My ex-husband admitted to taking money out of our daughter’s 529 plan: $15,000 to pay legal fees. He had and still has numerous accounts with a few hundred thousand dollars which are savings and retirement plans. Is it legal for him to take money out of our daughter’s 529 plan if he had his own money to use?
That’s not all. In 2017, a judge ordered that he open a joint account with me for a $10,000 inheritance our daughter received from his dad when he passed away in 2016. He refused and, in December 2017, he bought a car. He told our daughter she could have a driver’s license in July 2018.
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He is a licensed broker. Is it legal for him to be taking money from our daughter and using it for his own personal gain? The $10,000 he put into a Chase account in her name with him as a joint account owner. Not as a custodian.
He said the 529 money is his since he put it into her account, although he may have taken money out of the 529 her grandfather had for her. He said his father told him the $10,000 was for a car for our daughter, even though all the grandchildren inherited the same amount of money.
New Jersey Wife and Mother
Dear Wife and Mother,
Your husband clearly has a lot of anger and he is using these accounts to wield it. For the record, I don’t agree with anything he’s done. There’s a blurry line between legal and ethical. Some of it you can fix, other parts may be beyond your control. He sounds like the child in this situation in his attempts to justify his behavior. I hear a lot of “it’s mine because…” But you don’t have to deal with his emotions. That’s why you got divorced. You only have to deal with the facts.
I have received many letters about such shenanigans. The mother who ran up $50,000 on credit cards registered in her daughter’s name, the husband who gave $300,000 to a religious cult despite protest from his wife and the wife who wanted to drain her bank accounts ahead of her impending divorce are just three choice letters that come to mind. You face two hurdles: Your legal/ethical rights and whether it is worth it to you or your daughter to take your ex-husband to court.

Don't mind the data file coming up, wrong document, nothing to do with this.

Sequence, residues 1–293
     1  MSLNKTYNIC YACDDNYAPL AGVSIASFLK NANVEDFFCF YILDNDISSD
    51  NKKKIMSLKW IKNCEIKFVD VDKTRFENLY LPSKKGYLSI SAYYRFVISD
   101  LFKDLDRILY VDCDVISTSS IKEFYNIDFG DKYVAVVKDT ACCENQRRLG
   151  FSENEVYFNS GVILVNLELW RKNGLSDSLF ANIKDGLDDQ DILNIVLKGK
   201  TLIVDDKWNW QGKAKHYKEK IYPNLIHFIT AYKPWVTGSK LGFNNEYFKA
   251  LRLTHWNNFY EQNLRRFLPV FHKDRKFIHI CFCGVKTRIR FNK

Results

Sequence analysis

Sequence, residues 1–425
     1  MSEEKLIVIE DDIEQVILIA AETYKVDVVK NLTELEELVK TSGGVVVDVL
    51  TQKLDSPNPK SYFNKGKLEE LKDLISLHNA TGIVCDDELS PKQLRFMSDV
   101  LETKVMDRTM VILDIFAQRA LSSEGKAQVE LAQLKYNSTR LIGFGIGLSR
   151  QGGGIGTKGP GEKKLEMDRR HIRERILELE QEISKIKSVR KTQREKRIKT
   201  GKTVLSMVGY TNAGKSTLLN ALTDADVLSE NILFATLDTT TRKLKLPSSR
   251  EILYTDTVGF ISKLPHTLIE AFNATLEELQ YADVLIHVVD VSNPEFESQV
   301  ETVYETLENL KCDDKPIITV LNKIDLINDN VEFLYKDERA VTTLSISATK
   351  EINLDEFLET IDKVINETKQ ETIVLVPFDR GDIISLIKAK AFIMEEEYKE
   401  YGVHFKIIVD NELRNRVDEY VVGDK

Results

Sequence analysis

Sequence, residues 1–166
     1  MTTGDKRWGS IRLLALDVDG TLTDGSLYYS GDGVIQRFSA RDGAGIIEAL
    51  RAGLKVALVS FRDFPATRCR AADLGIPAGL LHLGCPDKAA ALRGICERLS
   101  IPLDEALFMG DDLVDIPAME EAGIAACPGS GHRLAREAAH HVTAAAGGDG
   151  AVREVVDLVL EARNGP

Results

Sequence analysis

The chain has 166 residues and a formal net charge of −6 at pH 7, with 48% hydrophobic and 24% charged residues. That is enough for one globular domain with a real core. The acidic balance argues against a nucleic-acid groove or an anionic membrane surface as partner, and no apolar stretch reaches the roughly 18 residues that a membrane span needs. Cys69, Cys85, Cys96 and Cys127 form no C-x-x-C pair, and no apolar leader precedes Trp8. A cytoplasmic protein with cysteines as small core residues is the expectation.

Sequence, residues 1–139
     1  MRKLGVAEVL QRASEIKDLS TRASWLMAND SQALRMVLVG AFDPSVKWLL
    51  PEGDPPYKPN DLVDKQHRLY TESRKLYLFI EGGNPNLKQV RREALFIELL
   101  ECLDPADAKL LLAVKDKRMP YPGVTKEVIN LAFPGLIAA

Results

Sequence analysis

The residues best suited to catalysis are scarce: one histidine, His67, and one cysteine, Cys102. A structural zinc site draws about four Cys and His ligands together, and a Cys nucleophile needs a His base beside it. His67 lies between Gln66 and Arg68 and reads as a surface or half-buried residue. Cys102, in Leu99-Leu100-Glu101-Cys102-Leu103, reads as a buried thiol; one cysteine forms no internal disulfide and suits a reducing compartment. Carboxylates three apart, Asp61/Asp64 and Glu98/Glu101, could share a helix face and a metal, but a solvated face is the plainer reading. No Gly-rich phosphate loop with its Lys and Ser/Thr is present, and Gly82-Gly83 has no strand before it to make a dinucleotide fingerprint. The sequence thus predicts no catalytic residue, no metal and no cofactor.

You may be out of luck on Count 1. “Legally, the owner of a 529 account is usually a parent who sets up and funds the 529,” says Jim Todd, a client adviser with Mercer Advisors in Boulder, Col. “Since the withdrawal was for non-higher education expenses, the IRS will levy taxes on any growth that was withdrawn and an additional 10% penalty for a non-qualified withdrawal from a 529 account.” One caveat: If he was instructed to fund this account per your divorce, you may have a case.
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Count 2 is different. A court order trumps whatever your late father-in-law did or didn’t say. (I don’t believe your husband.) “Since your ex-husband did not act as the judge ordered, there is definitely a legal consequence,” Todd adds. “ However, your daughter would have to sue her own father, which, in most cases, is very unlikely, in order to recover the damages caused by her father’s defiance of the judge.” Talk to a lawyer to see if you could act on her behalf.
You may, as your husband is a broker, have another option. If the 529 account was held at your ex-husband’s brokerage, that firm is responsible for supervising his activities, says Jeffrey Purdon, an Atlanta, Ga.-based certified financial planner. “A written customer complaint and a meeting with the branch manager would go a long way,” he says. “My guess is the firm would be quick to settle an issue like this and then the firm can recover [the money] directly from its employee.”
That would your ex-husband.
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